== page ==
Both the iBond and Single Bond resulted in higher bond strength values on the ground enamel suggesting that some kind of enamel preparation might facilitate better adhesion.
Single Bond is ethanol- / water-based and iBond is acetone- / water-based.
Acetone has a relatively higher vapor pressure (184 mm Hg at 20 o C) when compared with ethanol (43.9) and water (17.5) and results in easier solvent evaporation. 
It was noted during a study that the acetone-depleted solution presented a notably higher viscosity.  Thus, it was plausible that the viscosity of the adhesive system increased as the solvent concentration decreased, and in turn it might affect the ability of the resin monomer to infiltrate the substrate. High frequency of use, associated with higher temperatures, might accelerate the process of solvent evaporation. Furthermore, self-etching primers incorporated a significant amount of water, as a solvent, to promote the ionization of acidic monomers. After solvent evaporation, the adhesive layer could be very thin, and therefore, the mechanical properties might be low. , Another possible explanation for the low bond strength obtained using acetone-based adhesives was the high percentage of acetone (approximately 70%), which might not permit the formation of a uniform film on the bonding surface.  This might have possibly contributed to the lower bond strength values obtained with the iBond.
A static bond-strength test is often regarded as clinically less relevant, as such abrupt loading of the adhesive-tooth bond clinically never occurs. Therefore, dynamic fatigue testing is often claimed to better predict the clinical effectiveness of adhesives.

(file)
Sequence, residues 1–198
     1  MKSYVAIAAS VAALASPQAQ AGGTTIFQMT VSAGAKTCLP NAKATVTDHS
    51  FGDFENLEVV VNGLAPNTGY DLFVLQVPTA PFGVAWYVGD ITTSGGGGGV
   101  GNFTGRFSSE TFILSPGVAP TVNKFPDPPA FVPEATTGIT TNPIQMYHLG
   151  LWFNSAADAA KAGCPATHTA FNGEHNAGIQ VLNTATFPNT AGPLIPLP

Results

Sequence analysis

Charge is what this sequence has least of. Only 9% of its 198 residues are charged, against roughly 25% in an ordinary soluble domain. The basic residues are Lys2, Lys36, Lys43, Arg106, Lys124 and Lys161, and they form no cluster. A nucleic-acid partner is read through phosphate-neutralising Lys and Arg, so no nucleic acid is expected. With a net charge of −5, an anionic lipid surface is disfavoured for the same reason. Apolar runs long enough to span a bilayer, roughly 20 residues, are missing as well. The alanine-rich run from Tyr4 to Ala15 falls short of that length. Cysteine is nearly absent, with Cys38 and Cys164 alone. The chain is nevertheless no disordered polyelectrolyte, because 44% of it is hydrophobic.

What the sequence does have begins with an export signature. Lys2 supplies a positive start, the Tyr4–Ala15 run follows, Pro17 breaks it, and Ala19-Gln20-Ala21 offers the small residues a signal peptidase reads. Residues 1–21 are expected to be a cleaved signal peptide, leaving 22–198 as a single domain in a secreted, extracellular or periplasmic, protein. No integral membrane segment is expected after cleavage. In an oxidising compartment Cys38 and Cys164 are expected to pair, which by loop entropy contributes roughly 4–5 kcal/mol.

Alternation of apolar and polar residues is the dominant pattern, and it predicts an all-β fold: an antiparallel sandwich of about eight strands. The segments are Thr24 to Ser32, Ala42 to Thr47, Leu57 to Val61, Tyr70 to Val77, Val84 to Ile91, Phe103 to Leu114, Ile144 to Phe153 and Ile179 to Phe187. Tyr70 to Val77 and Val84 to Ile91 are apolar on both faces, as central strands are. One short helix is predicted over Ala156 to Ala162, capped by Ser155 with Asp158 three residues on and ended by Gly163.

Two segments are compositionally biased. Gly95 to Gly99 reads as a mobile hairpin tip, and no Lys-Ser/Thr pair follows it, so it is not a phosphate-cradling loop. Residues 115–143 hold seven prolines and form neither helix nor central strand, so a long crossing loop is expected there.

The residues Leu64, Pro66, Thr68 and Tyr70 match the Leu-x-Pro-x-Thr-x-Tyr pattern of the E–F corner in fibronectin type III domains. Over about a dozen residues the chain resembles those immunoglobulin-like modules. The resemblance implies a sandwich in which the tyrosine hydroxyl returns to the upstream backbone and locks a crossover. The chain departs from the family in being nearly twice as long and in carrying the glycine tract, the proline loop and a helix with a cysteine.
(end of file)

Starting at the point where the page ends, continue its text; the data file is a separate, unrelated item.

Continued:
Fracture toughness (KIc) or the strain energy release rates (GIc) are tests that are considered more meaningful to measure the energy or work to separate the adhesive resin from its bond to dentin. 
| Conclusions|| |
Within the limitations of this in vitro study the following conclusions are drawn:
- The tensile bond strength of the Single Bond is significantly higher compared to that of the iBond, on both cut and uncut enamel surfaces.
- It is advisable to follow the established practice of using the etch-and-rinse approach when bonding on enamel alone.
Further studies are required to evaluate the efficiency of the iBond and other 'all-in-one' bonding agents in different testing conditions, such as the Microtensile bond strength test, Dynamic fatigue testing, and the Weibull distribution function.
| Acknowledgment|| |
The authors would like to thank Dr. Beena Rani Goel, Former Professor and H.O.D., Department of Conservative Dentistry and Endodontics, P.M.N.M. Dental College, Bagalkot, for her active support during the initial stages of the study.
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Department of Conservative Dentistry, K. M. Shah Dental College and Hospital, Piparia - 391 760, Vadodara, Gujarat
Source of Support: Mcods - Manipal College of Dental Sciences, Conflict of Interest: None
[Table 1], [Table 2], [Table 3]